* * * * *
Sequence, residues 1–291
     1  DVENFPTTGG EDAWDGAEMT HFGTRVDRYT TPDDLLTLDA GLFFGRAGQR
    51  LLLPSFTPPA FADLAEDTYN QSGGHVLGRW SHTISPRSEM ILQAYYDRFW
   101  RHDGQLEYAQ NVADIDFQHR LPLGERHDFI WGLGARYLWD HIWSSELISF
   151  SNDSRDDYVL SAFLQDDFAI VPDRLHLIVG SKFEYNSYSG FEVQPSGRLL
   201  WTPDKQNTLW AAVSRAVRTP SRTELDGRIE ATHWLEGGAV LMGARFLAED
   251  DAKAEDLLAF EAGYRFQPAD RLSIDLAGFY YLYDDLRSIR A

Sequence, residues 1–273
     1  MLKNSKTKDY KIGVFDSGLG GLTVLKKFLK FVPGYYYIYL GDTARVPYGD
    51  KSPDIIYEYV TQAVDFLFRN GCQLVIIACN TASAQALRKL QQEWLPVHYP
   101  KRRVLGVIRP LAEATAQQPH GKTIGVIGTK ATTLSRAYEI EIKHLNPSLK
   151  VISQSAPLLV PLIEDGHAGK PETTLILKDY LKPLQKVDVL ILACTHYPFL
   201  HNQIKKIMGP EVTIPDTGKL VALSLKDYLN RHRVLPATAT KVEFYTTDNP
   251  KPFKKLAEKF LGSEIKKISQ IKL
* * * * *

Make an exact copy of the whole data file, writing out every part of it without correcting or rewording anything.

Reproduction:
Sequence, residues 1–291
     1  DVENFPTTGG EDAWDGAEMT HFGTRVDRYT TPDDLLTLDA GLFFGRAGQR
    51  LLLPSFTPPA FADLAEDTYN QSGGHVLGRW SHTISPRSEM ILQAYYDRFW
   101  RHDGQLEYAQ NVADIDFQHR LPLGERHDFI WGLGARYLWD HIWSSELISF
   151  SNDSRDDYVL SAFLQDDFAI VPDRLHLIVG SKFEYNSYSG FEVQPSGRLL
   201  WTPDKQNTLW AAVSRAVRTP SRTELDGRIE ATHWLEGGAV LMGARFLAED
   251  DAKAEDLLAF EAGYRFQPAD RLSIDLAGFY YLYDDLRSIR A

Sequence, residues 1–273
     1  MLKNSKTKDY KIGVFDSGLG GLTVLKKFLK FVPGYYYIYL GDTARVPYGD
    51  KSPDIIYEYV TQAVDFLFRN GCQLVIIACN TASAQALRKL QQEWLPVHYP
   101  KRRVLGVIRP LAEATAQQPH GKTIGVIGTK ATTLSRAYEI EIKHLNPSLK
   151  VISQSAPLLV PLIEDGHAGK PETTLILKDY LKPLQKVDVL ILACTHYPFL
   201  HNQIKKIMGP EVTIPDTGKL VALSLKDYLN RHRVLPATAT KVEFYTTDNP
   251  KPFKKLAEKF LGSEIKKISQ IKL